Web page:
It’s summer in Arizona, which means it’s hibernation season. Other parts of the country may hibernate in the winter due to snow/mud/impossibly frigid temperatures…we’re sort of the opposite in that we ride in the winter, and then lay low in the summer. For the most part. Unless you have active ride goals and plans, and then you spend the summer getting up at 3AM to try to get a couple of hours of riding in before it gets unbearably hot, or you ride at night (still hot), or you trailer up to higher elevations (which are still warm but not quite as brutal).
Right now, I have no active goals, plans, or activities…and the part of me that likes sleep is really enjoying not having to get up quite so early. I’ll do it if I need to, but it better be a very good reason.
So right now is just about relaxing, enjoying barn time as I can get it, and trying to find a balance between heat acclimation (it does make Tevis crewing easier) and hugging my air conditioner.
I got a little lax with hoof trimming for the past few weeks, and she paid me back for it with longer-than-ideal front toes. *sigh* I can always tell, because her boots then don’t fit the way they should (long, low toe leaves a gap at the top of the boot shell). Trimming in triple-digits is always fun,but I’ve taken to standing her in a small pan of water as I’m working on one hoof, and doing a rotation around of “nip wall, trim bars/anything dying to some out of the sole, rasp, mustang roll.” This pony’s hooves still kind of drive me crazy sometimes because there are just so many things about them that are “not ideal,” but that’s one of the trade-offs of not having the power to create an “ideal” living environment for her, so until I’m in a position to be able to do that, it means a lot of proactive hoof management. (That I sometimes get lazy/slack off on and then she rewards me with long toes and higher heels. Owner fail.)
Today was a “good day” in Pony-ville. She actually really likes the warm weather (less-crunchy joints) so she was quite cheerful to have me doing stuff with her today. I also had to miss last weekend’s barn trip due to extra-busyness at home, so I think she may have actually been missing me.
And it was a “let’s mess around with headgear” day…I have a vosal that I’ve had for a number of years that I’ve played around with off and on, but never used on her for competition, mostly because I was never happy with the headstall it was on and that I could never get it adjusted short enough. After eyeballing my tack, I discovered the headstall for her s-hack is sized smaller than the vosal headstall, and that I had more adjustment with it. One swap later, and I was able to seat the noseband higher up on her nose.
Little peahead. My constant refrain when it comes to tack-buying has been “it doesn’t adjust small enough.”
We didn’t ride a ton today (really hot by the time I was done with hooves) but I really like how she worked in it. Super light in the face, which is a Big Deal in Pony-ville. Granted, it was the arena, which is not the most “stimulating” environment for her forwardness…but I liked it enough that I’ll probably keep messing with it. If nothing else, it’s something *different* and she seems to crave difference and change-up, even just in gear.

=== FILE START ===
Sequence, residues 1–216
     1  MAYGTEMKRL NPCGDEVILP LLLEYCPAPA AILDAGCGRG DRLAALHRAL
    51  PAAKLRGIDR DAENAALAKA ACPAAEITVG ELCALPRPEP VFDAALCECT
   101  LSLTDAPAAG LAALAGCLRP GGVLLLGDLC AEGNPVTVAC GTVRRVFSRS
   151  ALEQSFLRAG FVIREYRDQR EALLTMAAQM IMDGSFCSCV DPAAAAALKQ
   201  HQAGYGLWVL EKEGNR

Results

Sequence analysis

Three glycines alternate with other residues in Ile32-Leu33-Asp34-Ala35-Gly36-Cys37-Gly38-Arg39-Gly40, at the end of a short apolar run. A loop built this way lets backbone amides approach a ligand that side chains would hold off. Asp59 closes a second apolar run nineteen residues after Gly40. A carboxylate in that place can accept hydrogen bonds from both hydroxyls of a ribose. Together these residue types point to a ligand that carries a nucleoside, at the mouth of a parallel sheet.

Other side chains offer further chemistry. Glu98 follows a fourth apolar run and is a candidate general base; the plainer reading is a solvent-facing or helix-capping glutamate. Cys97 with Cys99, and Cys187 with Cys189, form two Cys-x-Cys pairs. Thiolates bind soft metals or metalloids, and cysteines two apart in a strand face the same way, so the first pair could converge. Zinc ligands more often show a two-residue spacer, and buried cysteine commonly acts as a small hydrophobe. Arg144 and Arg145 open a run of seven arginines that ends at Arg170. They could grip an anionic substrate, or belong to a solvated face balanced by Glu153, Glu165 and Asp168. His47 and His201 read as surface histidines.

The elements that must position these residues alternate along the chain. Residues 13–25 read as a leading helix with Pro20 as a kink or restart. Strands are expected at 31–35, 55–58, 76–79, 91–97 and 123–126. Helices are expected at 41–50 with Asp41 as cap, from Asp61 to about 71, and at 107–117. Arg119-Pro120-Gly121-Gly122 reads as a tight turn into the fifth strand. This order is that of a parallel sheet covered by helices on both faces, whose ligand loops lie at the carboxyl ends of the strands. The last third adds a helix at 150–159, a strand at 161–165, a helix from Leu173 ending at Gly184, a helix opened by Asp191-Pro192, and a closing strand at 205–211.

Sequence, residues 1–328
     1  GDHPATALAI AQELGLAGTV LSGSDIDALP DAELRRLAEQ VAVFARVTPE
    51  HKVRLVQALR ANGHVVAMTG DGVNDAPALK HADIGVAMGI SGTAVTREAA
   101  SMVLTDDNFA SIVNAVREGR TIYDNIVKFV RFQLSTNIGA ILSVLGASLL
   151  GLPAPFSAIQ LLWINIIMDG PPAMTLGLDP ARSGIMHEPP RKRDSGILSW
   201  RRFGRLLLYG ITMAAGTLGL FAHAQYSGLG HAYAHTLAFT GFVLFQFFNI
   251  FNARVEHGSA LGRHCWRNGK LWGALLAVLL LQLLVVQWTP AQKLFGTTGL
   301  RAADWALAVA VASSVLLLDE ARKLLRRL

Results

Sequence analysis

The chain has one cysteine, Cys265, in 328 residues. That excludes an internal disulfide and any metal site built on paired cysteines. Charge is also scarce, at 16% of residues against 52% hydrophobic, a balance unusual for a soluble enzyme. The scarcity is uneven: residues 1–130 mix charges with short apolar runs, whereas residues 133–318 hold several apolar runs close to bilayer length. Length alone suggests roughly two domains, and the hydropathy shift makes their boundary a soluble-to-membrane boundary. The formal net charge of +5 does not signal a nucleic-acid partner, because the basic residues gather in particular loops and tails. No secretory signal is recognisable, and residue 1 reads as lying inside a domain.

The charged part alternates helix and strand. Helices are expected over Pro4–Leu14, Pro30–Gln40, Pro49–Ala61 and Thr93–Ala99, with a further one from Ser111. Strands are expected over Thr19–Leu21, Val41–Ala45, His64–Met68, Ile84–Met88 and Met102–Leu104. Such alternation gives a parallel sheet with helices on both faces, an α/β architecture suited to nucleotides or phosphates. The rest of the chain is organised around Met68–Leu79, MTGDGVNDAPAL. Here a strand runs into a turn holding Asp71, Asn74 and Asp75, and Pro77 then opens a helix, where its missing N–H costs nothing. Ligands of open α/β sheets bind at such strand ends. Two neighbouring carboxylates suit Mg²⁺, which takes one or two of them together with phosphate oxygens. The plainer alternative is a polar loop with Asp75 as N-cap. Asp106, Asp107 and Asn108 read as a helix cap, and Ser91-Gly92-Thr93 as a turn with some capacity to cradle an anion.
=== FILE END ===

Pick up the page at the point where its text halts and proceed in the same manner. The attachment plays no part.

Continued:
And after riding, she got a full bath. Up to this point, she’s just gotten water-only spray-offs, but today was a full soap bath. “Yellowtail” is a type of fish, not a proper pony color designation. Plus her hind legs were all nasty and peed-upon from her aforementioned flirtations. And the flies and mosquitoes are out, so she’s itchy. And it was triple-digit temperatures. All good reasons for a thorough scrub-down.
I judge the temperature levels by her willingness to get her head wet — normally she really hates water on her face and it’s a wrestling match to try to get her face as white as her body.
Today, she stuck her head under the hose running at full blast and let me scrub her face and rinse it. Without me even holding her head down to a reachable level.
And finally, she got a fly sheet today. The next-door neighbors at the barn train bucking bulls for rodeos, so there are a lot of cattle on the premises…which tend to attract more flies, no matter how good the barn protocol is for stall cleanup and maintenance (and it’s very good). The barn owner is apologetic, but there’s really nothing she can do about it — the downside of an area that has properties in somewhat close proximity to one another — but she’s willing to fly spray/fly mask/fly sheet all the horses as long as we provide the materials.
So one online visit to Riding Warehouse later, I found a flysheet that met my criteria of: belly band, neck cover (for mane protection — she sticks her head through the stall bars to get at her neighbor’s hay and has rubbed the middle section of her already-pathetic mane out), Euro cut, and not completely bank-breaking, since she has a history of being hard on sheets/blankets, and while I’m under no delusions that one will have a long, happy, snag-free existence, I would at least like to not cry when she does inevitably destroy it.
I ended up with the Saxon Softmesh Combo Fly Sheet. I will say the mesh isn’t quite as soft as they make it out to be…but good enough. And I’m guessing wear/dirt/washing will soften it up as well.
Another weekend gone, another week approaches. Monsoon season is starting, with a major dust storm last night and a minor one threatening this evening. Monsoon rain in the forecast…it’s just gotta cool off enough to not evaporate the rain out of the clouds. Summer plans on the horizon, some horsey (Tevis crewing, again) and some not (camping trips). Stay cool, pop electrolytes, and hug an air conditioner!